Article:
As I said, it wasn’t just the crowd enjoying it. John, Liam and Keith must have played those songs a heap of times, but still seem genuinely inspired by their output. Meanwhile, the ever-present guitar tech hovered throughout, this non-playing fifth member offering sterling service and sharing occasional private smiling asides with the band.

See That Girl was next, the band back to Troubled Times with another timeless melody song suggesting a nod to JP’s first band, with Liam and Jay’s harmonies spot on and the frontman’s delivery never less than passionate, seemingly forever on the fringes of losing his voice.

From there we had the most recent song on offer, Baby Blue Eyes suggesting great things ahead, its creators on a songwriting high.

The gorgeous I’m so Lonely – which I really hope the band are rehearsing for an encore at the Royal Liverpool Phil – plus Guiding Star and the wistful Live the Dream reminded us of the strength of the second album, sandwiched around non-album single Flying, the general throng again floating on high.

Then we were back to that 20-year-old debut LP, every bit as fresh today, crowd favourite Walk Away leading into a guitar-heavy Free Me from ’97, that ravishing rocking riff ushering in the night’s highlight for this punter – a mountain of Who-some noise building towards a powerhouse percussive play-out, Keith in namesake Moon territory.

Funnily enough, despite his extra stint, it was the drummer who was back first to count his co-workers in for the encore, a laid-back Four Walls leading to a truly baggy History, Jay calling the rhythmic shots as the band built to a monumental finish, perfectly segued into anthemic finale Alright – seeing us flying on swift on our journey home.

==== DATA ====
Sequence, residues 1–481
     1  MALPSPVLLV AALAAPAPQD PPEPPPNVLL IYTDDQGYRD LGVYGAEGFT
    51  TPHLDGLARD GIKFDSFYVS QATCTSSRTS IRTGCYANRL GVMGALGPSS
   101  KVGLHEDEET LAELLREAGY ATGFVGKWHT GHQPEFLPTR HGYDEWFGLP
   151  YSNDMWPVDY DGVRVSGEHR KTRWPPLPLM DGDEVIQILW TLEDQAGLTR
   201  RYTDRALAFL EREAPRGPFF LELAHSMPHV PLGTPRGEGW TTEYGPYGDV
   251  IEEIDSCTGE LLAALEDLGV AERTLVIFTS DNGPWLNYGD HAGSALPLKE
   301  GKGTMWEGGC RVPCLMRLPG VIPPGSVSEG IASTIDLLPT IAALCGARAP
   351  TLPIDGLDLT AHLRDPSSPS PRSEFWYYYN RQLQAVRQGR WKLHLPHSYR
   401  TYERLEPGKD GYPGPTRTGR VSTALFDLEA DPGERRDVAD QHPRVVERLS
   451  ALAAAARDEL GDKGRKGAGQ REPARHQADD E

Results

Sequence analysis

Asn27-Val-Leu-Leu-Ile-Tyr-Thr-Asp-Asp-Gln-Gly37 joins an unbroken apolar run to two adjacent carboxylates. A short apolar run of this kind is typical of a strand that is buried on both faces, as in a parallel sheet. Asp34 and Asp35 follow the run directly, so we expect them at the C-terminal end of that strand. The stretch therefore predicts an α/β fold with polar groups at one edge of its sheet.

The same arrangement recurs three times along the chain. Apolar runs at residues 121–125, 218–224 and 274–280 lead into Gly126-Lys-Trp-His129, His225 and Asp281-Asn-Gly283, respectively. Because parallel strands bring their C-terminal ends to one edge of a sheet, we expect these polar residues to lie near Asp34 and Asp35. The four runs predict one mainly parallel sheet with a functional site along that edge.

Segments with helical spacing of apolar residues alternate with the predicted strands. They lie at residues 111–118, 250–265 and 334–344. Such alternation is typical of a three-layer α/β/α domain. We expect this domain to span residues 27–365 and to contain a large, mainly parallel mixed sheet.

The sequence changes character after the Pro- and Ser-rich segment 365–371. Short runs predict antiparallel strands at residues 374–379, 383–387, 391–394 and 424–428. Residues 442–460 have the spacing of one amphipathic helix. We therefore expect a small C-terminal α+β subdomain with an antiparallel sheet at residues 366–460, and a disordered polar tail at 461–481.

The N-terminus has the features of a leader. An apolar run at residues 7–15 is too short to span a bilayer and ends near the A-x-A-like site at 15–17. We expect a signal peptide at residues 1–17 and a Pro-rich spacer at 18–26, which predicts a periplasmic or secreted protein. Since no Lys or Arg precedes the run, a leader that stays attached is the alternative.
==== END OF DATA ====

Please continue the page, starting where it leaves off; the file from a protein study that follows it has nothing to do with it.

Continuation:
Two decades after kick-starting the Cast story, John Power clearly still has it and fronts a revitalised outfit proving there’s still plenty of life in the old model. And I await the new album with genuine hope and expectation.

cast_logo2_no_text_zps24fda102If you missed this blog’s recent feature/interview with John Power, head here.

For the latest from Cast, visit their website here. And to be a part of the Pledge Music campaign for the new album, try here

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About writewyattuk

A freelance writer and family man being swept along on a wave of advanced technology, but somehow clinging on to reality. It's only a matter of time ... A highly-motivated scribbler with a background in journalism, business and life itself. Away from the features, interviews and reviews you see here, I tackle novels, short stories, copywriting, ghost-writing, plus TV, radio and film scripts for adults and children. I'm also available for assignments and write/research for magazines, newspapers, press releases and webpages on a vast range of subjects. You can also follow me on Facebook via https://www.facebook.com/writewyattuk/ and on Twitter via @writewyattuk. Legally speaking, all content of this blog (unless otherwise stated) is the intellectual property of Malcolm Wyatt and may only be reproduced with permission.